Since the day it occupied East Jerusalem in June 1967, Israel had one overriding goal: to secure Israeli sovereignty over the entire city. The euphoria of a swift victory and the massive popular support were galvanizing factors; still, the Israeli leadership had a number of issues to contend with before they could fully implement the annexation process. First, they had to garner the consent of the international community, or, at least, to minimize the possibility of a rejection. Second, they had to intensify Israeli presence in the eastern part of the city in the economic, demographic and political fields.1 The third task was to find an expeditious solution to the religious issue, especially with regards to the Muslim shrines. The long-term strategy was the ultimate Judaization of the whole of Jerusalem.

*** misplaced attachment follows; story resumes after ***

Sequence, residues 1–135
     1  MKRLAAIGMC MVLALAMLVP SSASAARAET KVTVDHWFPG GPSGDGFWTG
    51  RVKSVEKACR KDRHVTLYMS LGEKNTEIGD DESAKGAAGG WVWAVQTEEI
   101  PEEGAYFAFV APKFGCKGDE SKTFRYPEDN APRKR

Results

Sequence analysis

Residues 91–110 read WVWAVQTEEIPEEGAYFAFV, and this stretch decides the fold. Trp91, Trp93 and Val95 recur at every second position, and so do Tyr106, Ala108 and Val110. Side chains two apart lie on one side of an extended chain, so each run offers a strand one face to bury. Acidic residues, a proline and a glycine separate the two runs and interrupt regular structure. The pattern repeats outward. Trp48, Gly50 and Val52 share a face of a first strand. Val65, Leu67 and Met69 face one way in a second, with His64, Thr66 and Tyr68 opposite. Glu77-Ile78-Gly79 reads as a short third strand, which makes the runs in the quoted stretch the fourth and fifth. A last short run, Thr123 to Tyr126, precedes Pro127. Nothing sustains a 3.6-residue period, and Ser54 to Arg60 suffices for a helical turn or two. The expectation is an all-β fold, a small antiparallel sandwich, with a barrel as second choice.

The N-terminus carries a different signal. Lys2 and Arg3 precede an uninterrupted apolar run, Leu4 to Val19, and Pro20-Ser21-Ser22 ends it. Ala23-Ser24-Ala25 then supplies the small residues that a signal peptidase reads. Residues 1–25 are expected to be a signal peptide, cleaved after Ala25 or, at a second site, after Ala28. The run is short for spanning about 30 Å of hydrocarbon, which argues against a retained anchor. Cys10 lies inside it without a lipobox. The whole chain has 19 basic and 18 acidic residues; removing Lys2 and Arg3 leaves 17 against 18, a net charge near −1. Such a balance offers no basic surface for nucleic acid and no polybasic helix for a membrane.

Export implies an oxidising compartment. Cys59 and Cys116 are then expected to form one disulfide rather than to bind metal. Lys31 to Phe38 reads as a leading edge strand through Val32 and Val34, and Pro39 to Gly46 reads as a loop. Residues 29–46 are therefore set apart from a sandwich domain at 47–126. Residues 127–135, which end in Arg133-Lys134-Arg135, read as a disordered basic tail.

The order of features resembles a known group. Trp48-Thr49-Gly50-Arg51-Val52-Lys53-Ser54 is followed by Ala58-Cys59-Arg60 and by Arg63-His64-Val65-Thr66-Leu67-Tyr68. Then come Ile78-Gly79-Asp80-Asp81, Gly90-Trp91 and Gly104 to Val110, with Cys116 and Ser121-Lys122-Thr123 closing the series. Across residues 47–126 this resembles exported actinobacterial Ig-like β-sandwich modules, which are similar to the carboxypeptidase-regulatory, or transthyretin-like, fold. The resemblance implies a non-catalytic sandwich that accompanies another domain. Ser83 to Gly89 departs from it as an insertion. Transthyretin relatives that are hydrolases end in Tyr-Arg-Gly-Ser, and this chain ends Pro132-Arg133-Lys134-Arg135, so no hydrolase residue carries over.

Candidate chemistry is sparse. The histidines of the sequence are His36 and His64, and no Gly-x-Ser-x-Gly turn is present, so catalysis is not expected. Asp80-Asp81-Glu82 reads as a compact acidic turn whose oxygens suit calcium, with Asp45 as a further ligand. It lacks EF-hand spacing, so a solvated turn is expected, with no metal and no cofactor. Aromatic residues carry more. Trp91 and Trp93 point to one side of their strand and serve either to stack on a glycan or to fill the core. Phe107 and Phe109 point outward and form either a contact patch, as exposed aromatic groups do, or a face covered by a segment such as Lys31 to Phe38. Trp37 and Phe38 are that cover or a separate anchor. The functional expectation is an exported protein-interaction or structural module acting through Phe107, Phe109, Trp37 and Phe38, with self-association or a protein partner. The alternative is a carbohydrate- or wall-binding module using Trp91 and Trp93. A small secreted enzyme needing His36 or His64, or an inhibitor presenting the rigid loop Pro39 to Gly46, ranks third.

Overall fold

On June 27, 1967, the Knesset passed the Law and Administration Ordinance (Amendment) Law, which stated: "the law, jurisdiction and administration of the State shall extend to any area of Eretz Israel designated by the government by order." The following day the Israeli government proclaimed new municipal boundaries for the city of Jerusalem, incorporating within the limits of the unified city, inter alia, those parts of Jerusalem that had been under Jordanian rule from 1948 to 1967, including the Old City.

Crystallizing the Policy

The Israeli cabinet held its first post-war meeting on June 11, 1967. High on the agenda was the issue of Jerusalem. The deliberations centered on whether to annex the eastern part of the city or not; whether this should be a gradual process or not; and whether to apply Israeli law to Jerusalem or military orders, as had been done in the rest of the occupied territories. The justice minister at the time, Yaakov Shimshon Shapira, was in favor of applying military rule to East Jerusalem for as long as possible, even if the government decided on the immediate annexation of the city. His view was that a military government was important in legal and administrative terms.2